Emergency Physicians Give Tips on Swimming, Boating Safety
Being in and around water is a big part of the summer for many people, but while you and your family enjoy yourselves, the American College of Emergency Physicians (ACEP) has some advice on how to limit the possibility of summer water fun turning deadly.
According to the Centers for Disease Control and Prevention (CDC), 782 children younger under the age of 15 died from drowning in 2003, making it the second-leading cause of injury-related death for this age group.
"I can't urge parents often enough to keep a close eye on their children when they're around a pool or at the beach or lake," said ACEP President Dr. Frederick Blum. "It takes just a few seconds for a child to get in trouble in the water and put their life at risk."
Government statistics show that most infants drown in bathtubs, toilets or buckets, while children 1 to 4 years of age typically drown in residential swimming pools. As children get older, according to the CDC, drowning occurs more frequently in lakes and rivers and open areas of water.
"Perhaps the best advice I can give parents is to know the limits of their child's ability to swim and to set firm ground rules for play around the water, and to never leave kids unsupervised," said Dr. Blum. "The numbers show that for every child who drowns, more than 10 children are treated in emergency departments for nearly drowning."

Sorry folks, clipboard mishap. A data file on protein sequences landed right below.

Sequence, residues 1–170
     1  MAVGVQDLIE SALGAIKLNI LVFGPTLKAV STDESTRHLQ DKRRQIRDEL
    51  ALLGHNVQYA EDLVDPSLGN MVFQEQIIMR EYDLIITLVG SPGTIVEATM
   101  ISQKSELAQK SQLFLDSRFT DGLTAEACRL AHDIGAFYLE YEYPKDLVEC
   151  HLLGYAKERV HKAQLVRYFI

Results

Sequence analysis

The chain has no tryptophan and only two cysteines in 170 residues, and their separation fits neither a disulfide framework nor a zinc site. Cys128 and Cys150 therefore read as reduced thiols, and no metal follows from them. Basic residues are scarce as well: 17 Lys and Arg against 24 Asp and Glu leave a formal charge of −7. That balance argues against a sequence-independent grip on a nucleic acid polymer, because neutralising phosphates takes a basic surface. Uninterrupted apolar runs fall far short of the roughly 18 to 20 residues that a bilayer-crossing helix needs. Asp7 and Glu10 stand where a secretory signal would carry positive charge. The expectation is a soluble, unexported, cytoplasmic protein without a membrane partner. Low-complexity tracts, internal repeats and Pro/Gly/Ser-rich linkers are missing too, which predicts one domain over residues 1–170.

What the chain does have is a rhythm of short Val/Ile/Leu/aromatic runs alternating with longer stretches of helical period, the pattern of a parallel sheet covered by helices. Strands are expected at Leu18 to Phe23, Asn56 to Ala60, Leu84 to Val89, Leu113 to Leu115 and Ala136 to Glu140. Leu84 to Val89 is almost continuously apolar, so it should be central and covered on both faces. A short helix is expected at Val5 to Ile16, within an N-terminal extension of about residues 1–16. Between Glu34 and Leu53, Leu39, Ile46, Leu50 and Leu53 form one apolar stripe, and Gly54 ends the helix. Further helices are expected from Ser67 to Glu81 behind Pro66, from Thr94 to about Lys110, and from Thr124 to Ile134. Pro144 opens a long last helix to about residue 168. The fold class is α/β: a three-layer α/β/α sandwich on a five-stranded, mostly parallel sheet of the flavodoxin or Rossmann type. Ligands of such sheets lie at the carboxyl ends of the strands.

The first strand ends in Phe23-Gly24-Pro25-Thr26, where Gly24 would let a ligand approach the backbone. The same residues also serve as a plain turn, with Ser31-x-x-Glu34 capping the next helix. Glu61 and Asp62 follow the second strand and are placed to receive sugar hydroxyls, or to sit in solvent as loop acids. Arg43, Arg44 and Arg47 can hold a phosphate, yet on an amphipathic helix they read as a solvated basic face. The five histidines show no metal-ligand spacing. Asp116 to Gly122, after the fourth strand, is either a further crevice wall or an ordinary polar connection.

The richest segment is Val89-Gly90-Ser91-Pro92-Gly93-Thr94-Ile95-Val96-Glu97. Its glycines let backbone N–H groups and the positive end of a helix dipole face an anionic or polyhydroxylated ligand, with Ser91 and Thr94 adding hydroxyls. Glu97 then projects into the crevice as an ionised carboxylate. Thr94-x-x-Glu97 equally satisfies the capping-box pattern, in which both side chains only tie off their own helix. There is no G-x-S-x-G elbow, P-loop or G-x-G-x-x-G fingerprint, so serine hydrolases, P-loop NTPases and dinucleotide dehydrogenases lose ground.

To help families safely enjoy their time around water, ACEP offers the following tips:
+Teach your children to swim.
+Never swim alone.
+Only swim in places that are supervised. Never allow children to swim without adult supervision.
+Never dive into unfamiliar water.
There were nearly 13 million boat registrations in the United States in 2004, with more than 70 million Americans involved in recreational boating according to government statistics. While use of life jackets has been increasing, the CDC reports that 90 percent of the 676 people who died in boating accidents in 2004 were not wearing any kind of flotation device.
"I can't say it often enough or loudly enough: wear a life jacket," said Dr. Blum. "Just because you know how to swim doesn't mean you can go boating without a life jacket; it should be the first thing that everyone does before going out on the water."
To prevent ending up in the emergency department as a result of your next boating trip, ACEP recommends the following safety advice:
+Tell someone when you're going, who is with you and how long you'll be away.
+Before starting your engine, open hatches, run the blower, and most importantly, carefully sniff for gasoline fumes in the fuel and engine areas.
+When changing seats, stay low and near the center line of a small boat.
+Always wear life jackets and carry first aid equipment.
+Monitor the weather carefully for signs of a storm.
+Never drink alcoholic beverages on a boat. Being"tipsy" can result in falling overboard. Your ability to swim safely or call for help is greatly reduced as alcohol slows reactions.
ACEP is a national medical specialty society committed to advancing emergency care through continuing education, research and public education, headquartered in Dallas, Texas.